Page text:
Saturday, September 18, 1993

Practice Fire in Aberfoyle

 Practice fire of old house in Aberfoyle, Ontario - nice building, don't know why they didn't save it. Now a parking lot. Color neg, 10/08/2021. p. 869

Wednesday, September 1, 1993



This appeared in Icelandic in Morgunblaðið in 1993

Guelph, Sept 1, 1993 - An environmental activist who admits to deliberately sinking ships in defence of endangered species is trying to buy a used Russian submarine.

"It will give us more of a dramatic flair", says Paul Watson, president of the Sea Shepherd Conservation Group, speaking this Monday from his headquarters in Santa Monica, California, who admits that the sub might be used to ram boats in violation of international treaties on fishing and whaling. "You could use it for that (the sub for ramming) - it's got a 2 inch hull. Or we could put it into a harbor and send out scuba divers through the torpedo tubes to sabotage boats and stay under water the whole time."

Watson plans to visit the Black Sea port of Odessa this September to view a Foxtrot class diesel sub built in 1960 for the Soviet navy. "We could have gotten a nuclear one - " but "we're opposed to nuclear power. I think we could have even got the torpedoes and deck guns if we wanted them."

Watson describes the sub as an attack submarine, 300 ft long and weighing 1950 tons, with an operating range of 1600 nautical miles.

"We're incorporating all the myths - [referring to a Beatles' song and "20,000 Leagues under the Sea" by Jules Verne] we're going to paint it yellow and call it the Nautillus." Who's going to be Captain Nemo? "I guess I am." Asking price is around $ 400,000 Canadian.

Watson says the Sea Shepherd has about 400 members who are sailors "some who are experienced submariners, and we are getting calls from other volunteers with experience". On hearing that the first officer of the U-boat U-534, recently recovered off the coast of Sweden, was still alive and in good health in Canada, he asked jokingly "does he need a job?"

Watson was arrested on July the 24th by the Royal Canadian Mounted Police off the coast of Newfoundland after colliding with a Cuban trawler fishing for cod in international waters. He was charged with mischief and released on bail. Newfoundland fishermen have come to Watson's defence, since cod fishing has been banned for at least a one year period in Newfoundland because of cod stock depletion. The Canadian federal government extended the ban to cover almost all of Atlantic Canada this Tuesday. He has offered his flagship, the S.S. Cleveland Amory, to the fishermen of Newfoundland to prevent fishing of Northern Cod, an endangered sub-species of cod, by foreign trawlers off the Grand Banks. "We're doing what the Canadian Navy should be doing." says Watson.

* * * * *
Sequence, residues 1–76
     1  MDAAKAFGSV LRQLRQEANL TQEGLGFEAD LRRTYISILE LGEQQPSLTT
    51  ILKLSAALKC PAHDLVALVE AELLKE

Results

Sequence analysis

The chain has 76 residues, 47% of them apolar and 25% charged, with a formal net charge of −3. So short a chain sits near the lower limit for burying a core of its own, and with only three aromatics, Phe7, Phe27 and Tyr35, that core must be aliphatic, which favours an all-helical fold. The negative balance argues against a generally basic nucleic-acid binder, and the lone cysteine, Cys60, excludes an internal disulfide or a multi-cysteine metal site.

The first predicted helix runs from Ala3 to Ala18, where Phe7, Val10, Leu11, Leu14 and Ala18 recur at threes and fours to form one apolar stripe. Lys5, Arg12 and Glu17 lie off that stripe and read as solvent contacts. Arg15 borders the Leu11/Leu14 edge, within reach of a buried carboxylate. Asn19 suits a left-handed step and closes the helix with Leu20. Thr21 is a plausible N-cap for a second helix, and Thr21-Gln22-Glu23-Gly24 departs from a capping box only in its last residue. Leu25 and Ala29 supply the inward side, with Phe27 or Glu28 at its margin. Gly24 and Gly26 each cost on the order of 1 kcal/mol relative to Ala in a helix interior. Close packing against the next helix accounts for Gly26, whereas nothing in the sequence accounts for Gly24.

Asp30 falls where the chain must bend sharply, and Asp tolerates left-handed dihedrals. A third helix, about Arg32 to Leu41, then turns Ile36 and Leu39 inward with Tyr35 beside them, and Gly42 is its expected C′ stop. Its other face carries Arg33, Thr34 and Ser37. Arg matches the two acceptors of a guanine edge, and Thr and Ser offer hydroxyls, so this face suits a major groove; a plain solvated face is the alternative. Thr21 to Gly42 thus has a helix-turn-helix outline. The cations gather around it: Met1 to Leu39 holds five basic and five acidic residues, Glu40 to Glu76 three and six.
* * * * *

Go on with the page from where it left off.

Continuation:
Watson had been regarded with hostility by fishermen in Newfoundland in the Seventies when his group tried to stop seal hunting, which Newfoundlanders traditionlly practiced to supplement their incomes during the early spring.

The Cleveland Amory is a converted icebreaker painted black that Watson describes as being well suited for ramming boats. The ship's forecastle has a tally of the names of ships, and the flags of their home countries, sunk by the Sea Shepherd Organization, including two Icelandic flags to commemorate the two whaling vessels sunk in 1986. "We sunk half their whaling fleet. I admitted that I had sunk the boats when I arrived in Iceland in January of 1988 and ask them to arrest me. They refused to charge me and deported me the next day." He goes on to explain that he received a fax from George Blitchfield, the president of the High North Alliance, a whaler's association headquatered in Norway that contained a statement made by the Icelandic Ministry of Justice that stated he did not identify himself as Paul Watson when he was deported from Iceland. "I deny that - I did identify myself."

Watson says "We're not a protest group - we're a surveillance and enforcement group." and maintains that they are only enforcing international treaties and the United Nations' World Charter on Nature. "We never get charged under international law (for their actions on the high seas) because our opponents would have to admit that they were in violation of international law."

Watson says that they will "watch Iceland if they start killing whales" but would not interfere with cod fishing in Icelandic waters. "If Iceland wipes out its cod, it's Iceland's decision."

Watson responded to a letter published in a Vancouver newspaper from a Canadian naval officer that said Watson was building a "Monty Python" navy by saying "Well, we've sunk more tonnage since World War II than the Canadian Navy!"